Many origin-of-life researchers say that RNA chains are too specialised to have been created as a product of random chemical reactions.
The new study, however, claims to provide an alternative theory by arguing primordial DNA-like fragments evolved in this way instead.
The researchers found the self-assembly of DNA fragments just a few nanometres in length have the ability to drive the formation of chemical bonds.
These connect together short DNA chains to form long ones, without the need for a separate biological process.
'Our observations are suggestive of what may have happened on the early Earth when the first DNA-like molecular fragments appeared,' said CU-Boulder physics Professor Noel Clark, a study co-author.
The study suggests that the way in which DNA emerged in the early Earth lies in its structural properties and its ability to self-organise.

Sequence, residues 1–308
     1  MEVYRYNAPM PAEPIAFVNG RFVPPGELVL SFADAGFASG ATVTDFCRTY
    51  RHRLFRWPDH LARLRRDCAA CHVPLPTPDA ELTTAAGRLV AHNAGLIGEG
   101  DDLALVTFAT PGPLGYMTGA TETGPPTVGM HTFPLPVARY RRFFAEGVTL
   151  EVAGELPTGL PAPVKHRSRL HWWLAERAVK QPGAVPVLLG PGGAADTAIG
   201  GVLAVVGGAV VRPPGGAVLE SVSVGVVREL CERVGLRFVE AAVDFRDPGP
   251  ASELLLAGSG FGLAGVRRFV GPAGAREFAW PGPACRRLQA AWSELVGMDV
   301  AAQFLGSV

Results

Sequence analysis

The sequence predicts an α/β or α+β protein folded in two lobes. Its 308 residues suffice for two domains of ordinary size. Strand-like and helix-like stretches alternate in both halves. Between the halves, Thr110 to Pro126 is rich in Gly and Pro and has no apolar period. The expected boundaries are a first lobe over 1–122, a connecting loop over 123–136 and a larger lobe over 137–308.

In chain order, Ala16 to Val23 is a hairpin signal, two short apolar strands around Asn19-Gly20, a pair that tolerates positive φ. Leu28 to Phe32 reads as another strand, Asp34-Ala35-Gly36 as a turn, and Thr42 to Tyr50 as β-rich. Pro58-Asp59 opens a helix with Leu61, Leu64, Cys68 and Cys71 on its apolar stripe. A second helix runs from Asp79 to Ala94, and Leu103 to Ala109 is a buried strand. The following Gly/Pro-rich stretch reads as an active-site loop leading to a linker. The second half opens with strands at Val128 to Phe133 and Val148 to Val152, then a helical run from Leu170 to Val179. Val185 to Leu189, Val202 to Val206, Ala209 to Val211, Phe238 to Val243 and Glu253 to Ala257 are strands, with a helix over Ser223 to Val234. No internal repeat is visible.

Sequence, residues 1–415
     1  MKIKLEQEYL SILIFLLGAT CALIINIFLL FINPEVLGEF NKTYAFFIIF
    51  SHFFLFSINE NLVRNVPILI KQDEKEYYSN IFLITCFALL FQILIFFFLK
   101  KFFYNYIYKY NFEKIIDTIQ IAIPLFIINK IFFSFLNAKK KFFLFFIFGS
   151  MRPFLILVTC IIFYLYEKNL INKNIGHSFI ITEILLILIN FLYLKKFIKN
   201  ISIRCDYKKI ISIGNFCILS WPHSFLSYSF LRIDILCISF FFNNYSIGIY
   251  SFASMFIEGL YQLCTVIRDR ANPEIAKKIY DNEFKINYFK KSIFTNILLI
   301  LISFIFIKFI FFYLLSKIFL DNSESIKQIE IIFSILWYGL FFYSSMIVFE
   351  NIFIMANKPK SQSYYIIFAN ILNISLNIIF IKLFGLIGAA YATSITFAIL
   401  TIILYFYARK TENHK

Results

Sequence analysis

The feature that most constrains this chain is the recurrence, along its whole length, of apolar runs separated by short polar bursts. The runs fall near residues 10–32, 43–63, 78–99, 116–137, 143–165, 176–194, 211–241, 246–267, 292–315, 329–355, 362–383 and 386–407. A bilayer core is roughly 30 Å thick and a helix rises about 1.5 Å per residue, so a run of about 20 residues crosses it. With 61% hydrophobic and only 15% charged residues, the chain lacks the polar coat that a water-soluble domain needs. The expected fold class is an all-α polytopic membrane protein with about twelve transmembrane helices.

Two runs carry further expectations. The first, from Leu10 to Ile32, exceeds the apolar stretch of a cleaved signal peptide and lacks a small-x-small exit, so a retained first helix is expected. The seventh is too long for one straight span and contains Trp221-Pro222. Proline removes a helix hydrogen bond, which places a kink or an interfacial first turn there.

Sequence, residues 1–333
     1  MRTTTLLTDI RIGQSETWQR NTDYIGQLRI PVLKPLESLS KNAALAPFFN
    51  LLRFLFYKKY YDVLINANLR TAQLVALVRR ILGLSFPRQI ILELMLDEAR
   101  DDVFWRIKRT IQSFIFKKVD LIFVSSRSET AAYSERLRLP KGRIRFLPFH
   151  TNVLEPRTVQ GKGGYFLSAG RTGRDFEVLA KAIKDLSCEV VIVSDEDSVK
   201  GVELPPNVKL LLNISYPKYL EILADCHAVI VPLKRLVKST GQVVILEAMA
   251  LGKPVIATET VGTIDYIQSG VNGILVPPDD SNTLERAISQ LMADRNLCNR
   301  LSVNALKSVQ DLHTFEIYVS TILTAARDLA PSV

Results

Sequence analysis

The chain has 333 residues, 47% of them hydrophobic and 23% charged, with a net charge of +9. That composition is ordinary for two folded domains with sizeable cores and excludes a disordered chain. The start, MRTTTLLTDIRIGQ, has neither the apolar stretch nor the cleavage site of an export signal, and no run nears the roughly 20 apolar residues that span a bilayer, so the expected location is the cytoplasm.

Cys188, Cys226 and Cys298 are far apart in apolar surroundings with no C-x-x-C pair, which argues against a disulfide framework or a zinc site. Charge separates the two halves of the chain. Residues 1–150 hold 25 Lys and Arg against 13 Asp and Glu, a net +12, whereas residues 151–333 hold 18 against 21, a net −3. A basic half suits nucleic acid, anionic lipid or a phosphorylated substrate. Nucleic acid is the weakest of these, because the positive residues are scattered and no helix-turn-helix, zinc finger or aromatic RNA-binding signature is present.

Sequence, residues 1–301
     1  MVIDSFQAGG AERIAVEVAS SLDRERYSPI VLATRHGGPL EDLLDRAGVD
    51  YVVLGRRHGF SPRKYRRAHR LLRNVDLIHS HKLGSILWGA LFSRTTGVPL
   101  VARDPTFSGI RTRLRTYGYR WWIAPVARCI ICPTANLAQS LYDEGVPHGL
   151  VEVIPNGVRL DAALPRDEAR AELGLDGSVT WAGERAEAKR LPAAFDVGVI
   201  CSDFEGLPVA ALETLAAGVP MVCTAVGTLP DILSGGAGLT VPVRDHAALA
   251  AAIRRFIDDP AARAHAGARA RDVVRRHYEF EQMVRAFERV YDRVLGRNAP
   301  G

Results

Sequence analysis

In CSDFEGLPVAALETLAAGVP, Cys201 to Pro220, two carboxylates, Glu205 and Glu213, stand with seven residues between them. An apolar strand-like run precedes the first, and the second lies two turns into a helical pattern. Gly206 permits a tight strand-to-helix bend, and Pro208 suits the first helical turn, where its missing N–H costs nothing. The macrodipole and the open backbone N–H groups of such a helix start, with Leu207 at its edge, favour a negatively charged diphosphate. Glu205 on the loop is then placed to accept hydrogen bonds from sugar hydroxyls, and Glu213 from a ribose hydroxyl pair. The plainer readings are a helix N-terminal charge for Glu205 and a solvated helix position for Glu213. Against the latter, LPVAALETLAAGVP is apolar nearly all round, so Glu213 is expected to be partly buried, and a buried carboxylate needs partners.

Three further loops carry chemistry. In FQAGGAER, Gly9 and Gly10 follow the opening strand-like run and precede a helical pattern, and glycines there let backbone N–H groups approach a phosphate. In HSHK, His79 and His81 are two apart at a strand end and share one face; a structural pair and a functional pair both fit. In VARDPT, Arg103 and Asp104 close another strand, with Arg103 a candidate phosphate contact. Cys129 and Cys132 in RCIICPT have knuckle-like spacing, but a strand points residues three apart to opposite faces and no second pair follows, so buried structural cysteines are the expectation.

In the pre-RNA world, the spontaneous self-assembly of fragments of nucleic acids – the building block of life - may have acted as a template for their chemical self-assembly.
'The new findings show that in the presence of appropriate chemical conditions, the spontaneous self-assembly of small DNA fragments into stacks of short duplexes greatly favours their binding into longer polymers, thereby providing a pre-RNA route to the RNA world,' added Professor Clark.If true, this would mean that life should be common throughout the universe.
Update (4/9/2015): Space.com reports:
For the first time, astronomers have discovered complex organic molecules, the basic building blocks for life, in a disk of gas and dust surrounding an alien star.
To the researchers' surprise, the organics found around a young star called MWC 480 are not only surviving but thriving in quantities slightly higher than those thought to have existed in the early solar system. The prolific amount of material reveals that Earth's solar system is not the only one to contain these complex molecules, suggesting that the ingredients required for life to evolve may exist throughout the universe.